By Mir Uzair Farooq
In the 8th century CE a debate happened in the city of Baghdad between Imam Abu Hanifah, one of the four major scholars of Islamic jurisprudence, and an atheist. Imam Abu Hanifah arrived late and as is obvious he was questioned about it. Abu Hanifah explained, “I was standing for a long time on the bank of the river Tigris looking for a navigator or a boat when something caught my attention in the middle of the river. I looked forward, and to my amazement I saw planks of wood rising to the surface from the bed, they got clubbed together and sealed. Then I saw a sail in the boat, and eventually, the boat started approaching me. As I was getting late for the debate, without thinking much, I jumped into the boat. When I reached the Royal Palace, and looked back the boat had disappeared.”
At this moment, the atheist burst out laughing and remarked, “Oh, Abu Hanifah, I heard that you were the best debater from amongst the Muslims, I heard that you were the wisest, the most knowledgeable from amongst your people. But after seeing you today, I can say that you show none of these qualities. You speak of a boat appearing from nowhere, without someone having built it”. Abu Hanifah turned to the atheist and replied, “You don’t believe a word of it? You don’t believe that nails can appear by themselves? You don’t believe sealant can be poured by itself? You don’t believe that a boat can move without a navigator, hence you don’t believe that a boat can appear without a boat maker?” The atheist remarked defiantly, “Yes, I don’t believe a word of it!” Abu Hanifah replied, “If you cannot believe that a boat came into being without a boat maker, how can you believe that the whole world, the universe, the stars, the oceans, and the planets came into being without a creator?”
Scholars have been using this example ever since, sometimes even modifying it to match the reasoning of today’s sceptical man, but it is quite certain that such an example in spite of being persuasive cannot bury the questions of doubt altogether. But can we translate the idea of God – seeking a sweeping proof – properly when we really are at the helm of such a process. I guess there is much at stake in such a translation, and what is easily disregarded is the fact that faith is less often driven by reason. As is said, the scientific truth to the scientist is tentative, while to the believer the theological truth is absolute.
Proof of God’s existence can never be complete, as its premises are very broad and its conclusion brutally single and without reservations for any of its premises. So, if there is an inherent incompleteness in proving that God exists, then disproving the inexistence of God can only be done by constructing rhetorical questions to invalidate the claims of His inexistence. In the method of deductive reasoning, we conclude that God doesn’t exist, but we should not overlook that even if the premises are false, a conclusion can be true.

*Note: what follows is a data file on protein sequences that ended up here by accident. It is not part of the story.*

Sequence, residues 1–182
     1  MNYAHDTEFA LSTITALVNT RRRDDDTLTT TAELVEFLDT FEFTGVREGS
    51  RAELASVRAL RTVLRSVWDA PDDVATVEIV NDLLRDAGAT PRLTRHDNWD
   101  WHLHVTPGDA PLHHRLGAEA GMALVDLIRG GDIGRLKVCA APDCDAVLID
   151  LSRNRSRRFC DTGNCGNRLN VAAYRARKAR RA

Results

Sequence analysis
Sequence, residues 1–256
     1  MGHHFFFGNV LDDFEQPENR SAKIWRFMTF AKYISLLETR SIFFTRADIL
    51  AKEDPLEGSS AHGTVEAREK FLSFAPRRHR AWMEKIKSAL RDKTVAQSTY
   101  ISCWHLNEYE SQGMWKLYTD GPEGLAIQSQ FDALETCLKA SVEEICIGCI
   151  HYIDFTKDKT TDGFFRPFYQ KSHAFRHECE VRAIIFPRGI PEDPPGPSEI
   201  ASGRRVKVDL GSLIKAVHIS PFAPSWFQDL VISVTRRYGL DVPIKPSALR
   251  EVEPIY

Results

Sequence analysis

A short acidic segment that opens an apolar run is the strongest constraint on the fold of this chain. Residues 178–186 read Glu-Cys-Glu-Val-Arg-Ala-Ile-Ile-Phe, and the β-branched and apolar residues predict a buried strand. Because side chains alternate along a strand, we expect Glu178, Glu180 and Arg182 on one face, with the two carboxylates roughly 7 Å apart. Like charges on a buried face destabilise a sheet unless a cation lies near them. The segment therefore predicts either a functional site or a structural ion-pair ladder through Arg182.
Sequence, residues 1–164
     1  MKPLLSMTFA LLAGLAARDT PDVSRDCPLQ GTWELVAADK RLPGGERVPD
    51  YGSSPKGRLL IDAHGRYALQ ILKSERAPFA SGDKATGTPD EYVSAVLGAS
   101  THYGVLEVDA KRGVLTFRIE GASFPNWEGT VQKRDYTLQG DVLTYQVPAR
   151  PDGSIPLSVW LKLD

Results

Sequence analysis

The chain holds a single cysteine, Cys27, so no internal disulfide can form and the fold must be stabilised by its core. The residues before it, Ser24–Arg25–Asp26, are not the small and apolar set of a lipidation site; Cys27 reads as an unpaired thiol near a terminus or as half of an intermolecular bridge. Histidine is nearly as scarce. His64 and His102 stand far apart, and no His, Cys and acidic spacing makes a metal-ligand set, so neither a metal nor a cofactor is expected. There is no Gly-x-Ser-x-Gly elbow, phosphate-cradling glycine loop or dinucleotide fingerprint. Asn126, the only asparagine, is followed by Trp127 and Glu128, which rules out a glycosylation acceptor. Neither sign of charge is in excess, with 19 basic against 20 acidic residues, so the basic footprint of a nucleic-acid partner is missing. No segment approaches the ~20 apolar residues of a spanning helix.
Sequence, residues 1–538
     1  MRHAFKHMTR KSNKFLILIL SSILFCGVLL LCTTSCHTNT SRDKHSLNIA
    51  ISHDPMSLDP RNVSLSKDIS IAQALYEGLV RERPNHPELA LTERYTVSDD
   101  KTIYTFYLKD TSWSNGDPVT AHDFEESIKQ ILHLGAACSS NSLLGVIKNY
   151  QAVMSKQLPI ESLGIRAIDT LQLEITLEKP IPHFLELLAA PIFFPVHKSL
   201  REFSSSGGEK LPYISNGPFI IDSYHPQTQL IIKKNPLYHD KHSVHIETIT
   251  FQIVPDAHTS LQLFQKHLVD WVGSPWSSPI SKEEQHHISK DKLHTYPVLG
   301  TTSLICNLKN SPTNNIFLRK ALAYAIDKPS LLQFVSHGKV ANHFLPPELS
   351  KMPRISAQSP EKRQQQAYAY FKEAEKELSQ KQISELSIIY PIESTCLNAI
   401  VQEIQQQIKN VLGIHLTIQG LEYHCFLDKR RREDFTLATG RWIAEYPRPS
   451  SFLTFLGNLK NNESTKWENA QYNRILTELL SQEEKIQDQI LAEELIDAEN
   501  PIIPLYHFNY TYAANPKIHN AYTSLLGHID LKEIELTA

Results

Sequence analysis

A believer’s idea of God shouldn’t be a notion that is hungry for a sign – not that a scientifically driven humanoid can accept that – but quite apparently so, the burden is on those who tend to distort the limits of their motivation. Questions of ‘what’ and ‘how’ should be accompanied by those of ‘why’. We know how we are born: when a sperm fuses with an egg, and how we die, which in a simple case could be because ‘lungs got filled with water’ or ‘neurons atrophied’. As electroencephalography could prove, a surge occurs in brain activity before a person dies, and turning to the ‘how’ of it, it could be because of several reasons. Neglected, as we can see, is the ‘why’ part.
Why do we come into this world, and why this ‘tradition of biology’ continues smoothly, but mysteriously. Using science as a tool, we shy away from the reaches of these questions. But shouldn’t we accept that science can’t separate what is heuristic (the experienced) and what is transcendent? That there is a point where reason is superseded? What about magic: I see a person cut me into two, and then seal me back into one, in the blink of an eye, and I never get to feel anything happened at all?
I quote from a lecture that I once happened to attend: “As epitomes of reason we know what an explosion results in (we haven’t forgotten Nagasaki, Hiroshima, Chernobyl and many others), but why turn a blind eye to how the big bang, a colossal explosion, resulted in this mind-boggling, fascinating, endless yet little world of beings.” Should we not hear what the inadequacy, temporality, internal disjuncture, and brutal limitedness of our made-up normative theories say to us? They appear like vogue trends, appeal to our minds, and get lost in the dust of history.
It should be clear that science will never be able to prove or disprove things that are beyond its reach, so we should stop seeking refuge in it and not be blinded by it. While we keep commenting and deducting, the facts remain as they are.
—The writer is an undergraduate student at St. Stephen’s College, Delhi